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policy proposals, particularly as it relates to jobs. but i want to see how they respond to recommendations from the supercommittee and what congress is doing towards balancing the budget and other issues like that. that's going to play out over the next couple months. but this forum's going to be very helpful to me and others because, instead of forcing them to answer r questions, we are going to encourage them to define the issues on their own terms. this will give us a little bit deeper understanding on how they view the constitution and their role as president. >> senator, i know you want to withhold an endorsement. but i do want to press you because rick perry is the front-runner at the moment. and particularly he's quite beloved by the tea party movement, of which you're a major force. what can you tell me? how do you feel about his endorsement of al gore back in 1988? of his praising hillary clinton and the clinton health care plan? what do you feel about those stances? >> well, i want to find out more
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about him, obviously. we know people change. reagan was a democrat. and i want to look at what the governor has done as governor of texas, just as i'm going to try to dig into a lot of the issues, past, present and future policy proposals of all the candidates. but i want to give them all a little room to change. i know i've changed some positions i had ten years ago because the country's in a very different situation. so, i'm going to listen and look and do my homework. and i'm not counting any of them out at this point. >> what about governor perry's stance on social security? his book which is being pored over, as you can imagine, he basically called social security like a bad disease and a big failure. do you think that is going to haunt him on the campaign trail? >> well, i want to hear him explain his views on that.
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i have developed a lot of reform proposals myself and been accused of trying to destroy social security, when the whole point was to try to save it. i think most people know that social security is bankrupt. and i believe the governor probably feels as i do, we need to keep our promises to seniors and offer better choices to younger workers. but i want to hear him explain these things on his own terms. lot about that and other issues on monday. >> just quickly, to wrap up governor perry. do you like whatatou've seen so far? is he the presumed front-runner for you? >> there's things i certainly like, like i do with all the candidates. like i said before, i see some good things, some e rengths in a lot of the candidates. and ones -- we have the top runners or the top tier on monday. so, i'm not making any real judgments. but there's things i like about all of them. >> you're being very cagey, senator. let me ask you about mitt romney, who did earn your endorsement the last time he ran. he's having a lot of trouble with the tea party right now.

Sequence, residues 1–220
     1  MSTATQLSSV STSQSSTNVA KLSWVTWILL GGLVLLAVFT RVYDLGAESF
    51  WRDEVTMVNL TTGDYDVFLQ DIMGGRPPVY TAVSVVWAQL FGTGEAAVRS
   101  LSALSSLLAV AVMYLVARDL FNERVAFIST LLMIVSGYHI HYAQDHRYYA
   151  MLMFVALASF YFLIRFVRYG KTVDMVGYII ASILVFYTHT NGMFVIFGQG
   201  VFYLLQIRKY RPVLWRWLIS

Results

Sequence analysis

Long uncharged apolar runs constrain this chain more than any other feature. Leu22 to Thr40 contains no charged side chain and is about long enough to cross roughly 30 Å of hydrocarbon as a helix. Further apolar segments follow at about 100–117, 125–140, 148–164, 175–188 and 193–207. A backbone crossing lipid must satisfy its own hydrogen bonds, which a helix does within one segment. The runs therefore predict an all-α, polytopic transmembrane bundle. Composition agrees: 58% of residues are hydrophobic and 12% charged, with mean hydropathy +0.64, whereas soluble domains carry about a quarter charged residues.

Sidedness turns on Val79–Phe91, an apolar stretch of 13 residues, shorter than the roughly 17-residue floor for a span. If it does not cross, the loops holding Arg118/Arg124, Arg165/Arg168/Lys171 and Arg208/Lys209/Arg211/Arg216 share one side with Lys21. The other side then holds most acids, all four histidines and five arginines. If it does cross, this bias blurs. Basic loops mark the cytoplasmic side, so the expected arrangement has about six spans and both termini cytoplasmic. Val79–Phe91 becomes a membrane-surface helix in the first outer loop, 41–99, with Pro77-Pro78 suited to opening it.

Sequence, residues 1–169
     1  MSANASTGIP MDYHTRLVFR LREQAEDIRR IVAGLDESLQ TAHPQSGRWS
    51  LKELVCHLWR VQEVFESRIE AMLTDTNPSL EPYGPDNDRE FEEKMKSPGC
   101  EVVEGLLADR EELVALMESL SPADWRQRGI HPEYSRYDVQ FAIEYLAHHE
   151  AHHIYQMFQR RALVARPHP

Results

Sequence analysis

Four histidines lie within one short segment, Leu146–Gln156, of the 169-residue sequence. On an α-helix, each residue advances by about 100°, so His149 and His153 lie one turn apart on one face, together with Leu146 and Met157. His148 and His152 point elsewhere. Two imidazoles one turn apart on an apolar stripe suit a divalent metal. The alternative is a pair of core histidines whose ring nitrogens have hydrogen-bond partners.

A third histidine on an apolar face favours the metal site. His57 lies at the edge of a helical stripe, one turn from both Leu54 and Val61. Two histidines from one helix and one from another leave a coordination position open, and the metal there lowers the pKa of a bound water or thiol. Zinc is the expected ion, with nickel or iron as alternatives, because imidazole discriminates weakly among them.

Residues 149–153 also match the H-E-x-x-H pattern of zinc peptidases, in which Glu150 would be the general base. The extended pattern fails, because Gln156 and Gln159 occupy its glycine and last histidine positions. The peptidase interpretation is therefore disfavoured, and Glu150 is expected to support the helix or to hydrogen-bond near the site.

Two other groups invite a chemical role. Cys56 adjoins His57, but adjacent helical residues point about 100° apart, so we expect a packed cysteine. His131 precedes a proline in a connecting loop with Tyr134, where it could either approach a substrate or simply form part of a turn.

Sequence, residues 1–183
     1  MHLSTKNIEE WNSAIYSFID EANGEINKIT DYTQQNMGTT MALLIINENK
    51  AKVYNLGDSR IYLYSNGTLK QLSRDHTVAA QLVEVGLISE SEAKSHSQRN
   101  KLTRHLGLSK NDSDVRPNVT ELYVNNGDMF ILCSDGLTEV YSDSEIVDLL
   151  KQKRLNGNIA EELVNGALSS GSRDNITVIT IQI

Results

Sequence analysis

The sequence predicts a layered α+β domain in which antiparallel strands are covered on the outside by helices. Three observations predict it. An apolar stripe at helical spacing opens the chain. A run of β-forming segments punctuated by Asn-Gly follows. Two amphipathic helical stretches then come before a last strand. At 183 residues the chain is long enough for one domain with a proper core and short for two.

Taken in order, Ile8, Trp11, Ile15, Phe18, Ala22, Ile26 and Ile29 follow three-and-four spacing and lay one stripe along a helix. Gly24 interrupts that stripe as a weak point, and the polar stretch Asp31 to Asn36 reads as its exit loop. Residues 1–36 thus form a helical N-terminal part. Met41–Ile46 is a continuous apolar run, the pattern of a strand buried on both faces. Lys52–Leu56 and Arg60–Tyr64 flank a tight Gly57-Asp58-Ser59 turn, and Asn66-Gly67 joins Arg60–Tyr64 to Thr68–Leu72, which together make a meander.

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he's decided to come to your forum, where he was going to skip it. where do you think he needs to go in order to get tea party support? do you think he'll get it? >> well, the tea party is being thrown around a lot today. but for everyone who calls themselves a tea party member, there's hundreds of people that have the same concerns about our spending and our debt. we know over 70% of americans want a balanced budget. so, it's not one, small group. what it is is thousands of groups around the country who are concerned about the future of our country. i think it's one of the best things that's happened to our country and to politics because there's a broad cross section of americans involved i icitizen activism today. some are called tea party. some are not. but all the candidates are going to have to appeal to this new grassroots movement. that's reallllwhat i'm looking for. i'm not trying to anoint any candidate. i'm lookokg at which one really catches the attention and inspires the average american who has gotten involved with